At the American Public Health Association’s annual conference, Jose Bauermeister, Director of SexLab, presented “Sexuality-based discrimination and sexual minority young men’s health in the Detroit Metro Area.” This presentation used data from the United for HIV Integration and Policy (UHIP) Study, and looked at varying levels of sexuality related discrimination experienced by participants. The presentation included policy recommendations for structurally impacting workplace discrimination of sexual minorities.
Young men who have sex with men (YMSM) reported that they experienced sexuality-based work discrimination. In other words, they were penalized at work because of their identity as sexual minorities. Examples of this discrimination included being denied or fired from a job, the denial of a promotion or raise, and/or an unfair work evaluation. This type of workplace discrimination not only damages a person’s ability to succeed professionally, but this study found that it also negatively impacts their health.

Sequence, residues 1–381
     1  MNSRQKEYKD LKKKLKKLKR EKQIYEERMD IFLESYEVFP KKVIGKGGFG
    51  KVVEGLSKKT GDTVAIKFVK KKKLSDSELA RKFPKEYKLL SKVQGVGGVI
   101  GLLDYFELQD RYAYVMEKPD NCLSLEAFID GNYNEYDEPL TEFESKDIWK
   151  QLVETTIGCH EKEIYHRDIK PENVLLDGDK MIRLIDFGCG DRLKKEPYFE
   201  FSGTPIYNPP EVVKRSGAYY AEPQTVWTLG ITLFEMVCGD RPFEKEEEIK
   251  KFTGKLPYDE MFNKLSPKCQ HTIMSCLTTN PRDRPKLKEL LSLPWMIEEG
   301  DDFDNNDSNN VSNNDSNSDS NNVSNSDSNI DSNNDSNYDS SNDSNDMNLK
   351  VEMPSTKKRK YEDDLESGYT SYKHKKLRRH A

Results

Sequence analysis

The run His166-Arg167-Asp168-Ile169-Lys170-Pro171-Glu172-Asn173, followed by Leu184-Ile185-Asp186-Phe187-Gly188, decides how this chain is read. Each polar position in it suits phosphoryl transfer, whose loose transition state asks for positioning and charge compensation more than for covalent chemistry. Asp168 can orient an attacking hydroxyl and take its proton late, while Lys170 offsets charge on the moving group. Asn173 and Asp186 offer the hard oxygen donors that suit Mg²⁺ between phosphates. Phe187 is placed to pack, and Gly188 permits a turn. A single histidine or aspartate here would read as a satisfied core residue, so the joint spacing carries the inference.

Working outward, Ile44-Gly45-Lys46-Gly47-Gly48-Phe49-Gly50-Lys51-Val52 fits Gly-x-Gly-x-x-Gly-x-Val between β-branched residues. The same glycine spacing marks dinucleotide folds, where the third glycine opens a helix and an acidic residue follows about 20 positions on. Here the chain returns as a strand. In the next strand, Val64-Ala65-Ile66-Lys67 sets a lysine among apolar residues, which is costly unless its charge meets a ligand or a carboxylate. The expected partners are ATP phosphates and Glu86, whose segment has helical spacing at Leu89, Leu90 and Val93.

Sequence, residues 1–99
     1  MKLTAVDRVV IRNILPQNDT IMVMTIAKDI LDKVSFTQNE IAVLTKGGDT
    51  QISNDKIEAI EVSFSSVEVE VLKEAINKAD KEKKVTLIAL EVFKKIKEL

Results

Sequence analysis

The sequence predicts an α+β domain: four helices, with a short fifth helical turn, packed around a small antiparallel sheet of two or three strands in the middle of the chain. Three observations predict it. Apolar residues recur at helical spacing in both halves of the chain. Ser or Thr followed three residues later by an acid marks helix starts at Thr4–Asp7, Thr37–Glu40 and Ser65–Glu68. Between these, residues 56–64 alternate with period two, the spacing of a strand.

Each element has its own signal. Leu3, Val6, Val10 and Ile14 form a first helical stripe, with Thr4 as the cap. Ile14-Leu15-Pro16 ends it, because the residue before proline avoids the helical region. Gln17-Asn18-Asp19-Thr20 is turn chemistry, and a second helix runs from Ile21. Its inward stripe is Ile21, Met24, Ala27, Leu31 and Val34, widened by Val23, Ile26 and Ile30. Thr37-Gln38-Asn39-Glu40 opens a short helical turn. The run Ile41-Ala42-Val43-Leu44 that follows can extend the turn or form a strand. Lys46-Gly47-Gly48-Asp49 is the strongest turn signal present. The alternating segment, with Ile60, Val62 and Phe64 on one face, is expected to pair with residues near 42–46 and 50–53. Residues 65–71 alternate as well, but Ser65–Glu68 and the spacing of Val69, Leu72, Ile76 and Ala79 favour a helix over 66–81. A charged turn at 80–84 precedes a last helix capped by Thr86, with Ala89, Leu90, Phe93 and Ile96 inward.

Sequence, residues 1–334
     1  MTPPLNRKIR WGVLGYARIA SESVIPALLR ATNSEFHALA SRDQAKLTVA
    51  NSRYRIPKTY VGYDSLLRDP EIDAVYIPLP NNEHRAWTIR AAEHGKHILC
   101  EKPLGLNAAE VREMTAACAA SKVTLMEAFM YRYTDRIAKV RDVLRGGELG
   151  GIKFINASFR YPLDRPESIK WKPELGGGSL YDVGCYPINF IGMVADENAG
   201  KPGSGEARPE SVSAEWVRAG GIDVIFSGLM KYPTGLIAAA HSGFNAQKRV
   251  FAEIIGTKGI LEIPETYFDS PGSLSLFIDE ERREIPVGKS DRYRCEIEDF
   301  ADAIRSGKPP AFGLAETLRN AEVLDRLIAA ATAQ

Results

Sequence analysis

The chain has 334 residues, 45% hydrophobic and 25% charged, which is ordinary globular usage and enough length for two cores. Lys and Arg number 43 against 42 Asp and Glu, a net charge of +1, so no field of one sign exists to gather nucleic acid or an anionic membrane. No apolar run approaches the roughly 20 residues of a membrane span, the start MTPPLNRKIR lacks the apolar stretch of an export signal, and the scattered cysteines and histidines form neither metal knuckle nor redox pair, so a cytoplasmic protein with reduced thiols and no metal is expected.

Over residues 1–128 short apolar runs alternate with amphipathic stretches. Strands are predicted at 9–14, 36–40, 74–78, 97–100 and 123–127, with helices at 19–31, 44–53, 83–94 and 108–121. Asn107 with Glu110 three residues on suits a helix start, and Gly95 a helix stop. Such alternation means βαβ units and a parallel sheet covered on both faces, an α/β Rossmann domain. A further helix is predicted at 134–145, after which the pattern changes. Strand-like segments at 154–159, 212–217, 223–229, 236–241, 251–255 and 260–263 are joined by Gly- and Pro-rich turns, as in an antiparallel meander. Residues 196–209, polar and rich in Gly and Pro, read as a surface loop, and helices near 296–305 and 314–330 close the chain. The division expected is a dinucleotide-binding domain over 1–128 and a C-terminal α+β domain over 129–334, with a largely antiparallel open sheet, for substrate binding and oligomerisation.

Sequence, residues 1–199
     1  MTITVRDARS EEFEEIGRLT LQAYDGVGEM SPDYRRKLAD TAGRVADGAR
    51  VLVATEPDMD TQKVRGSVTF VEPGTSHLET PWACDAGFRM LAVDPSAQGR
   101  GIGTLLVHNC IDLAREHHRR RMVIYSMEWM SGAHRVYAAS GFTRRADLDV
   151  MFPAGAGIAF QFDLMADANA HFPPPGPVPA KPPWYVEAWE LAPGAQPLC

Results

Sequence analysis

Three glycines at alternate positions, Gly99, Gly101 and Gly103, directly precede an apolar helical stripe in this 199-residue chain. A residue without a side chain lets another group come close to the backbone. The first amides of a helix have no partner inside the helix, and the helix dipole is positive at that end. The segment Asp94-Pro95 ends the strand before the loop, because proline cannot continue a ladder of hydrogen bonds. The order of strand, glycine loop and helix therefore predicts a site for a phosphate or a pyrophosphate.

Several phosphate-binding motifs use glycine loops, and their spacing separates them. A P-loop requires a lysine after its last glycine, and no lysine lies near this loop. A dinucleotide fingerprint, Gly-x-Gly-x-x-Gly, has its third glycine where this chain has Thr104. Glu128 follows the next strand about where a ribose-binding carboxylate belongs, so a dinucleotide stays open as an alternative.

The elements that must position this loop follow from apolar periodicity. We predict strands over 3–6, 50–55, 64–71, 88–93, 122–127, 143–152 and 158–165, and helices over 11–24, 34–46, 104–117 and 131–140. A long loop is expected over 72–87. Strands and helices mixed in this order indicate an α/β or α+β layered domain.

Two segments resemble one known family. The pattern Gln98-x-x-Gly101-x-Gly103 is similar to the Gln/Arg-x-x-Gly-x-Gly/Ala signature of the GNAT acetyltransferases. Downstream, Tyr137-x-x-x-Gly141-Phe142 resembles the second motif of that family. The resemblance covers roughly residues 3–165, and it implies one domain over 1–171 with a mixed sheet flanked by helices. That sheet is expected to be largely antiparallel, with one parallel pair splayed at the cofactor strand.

This research is a call to action, especially for those states, like Michigan, which have no protection against workplace or housing discrimination. Implementation and enforcement of non-discrimination policies that protect sexual minorities against hiring discrimination are necessary. Structural interventions, using policy at the federal and local level, in addition to workplace trainings on cultural sensitivity regarding gender identity and expression, are methods to combat the discrimination this study captured.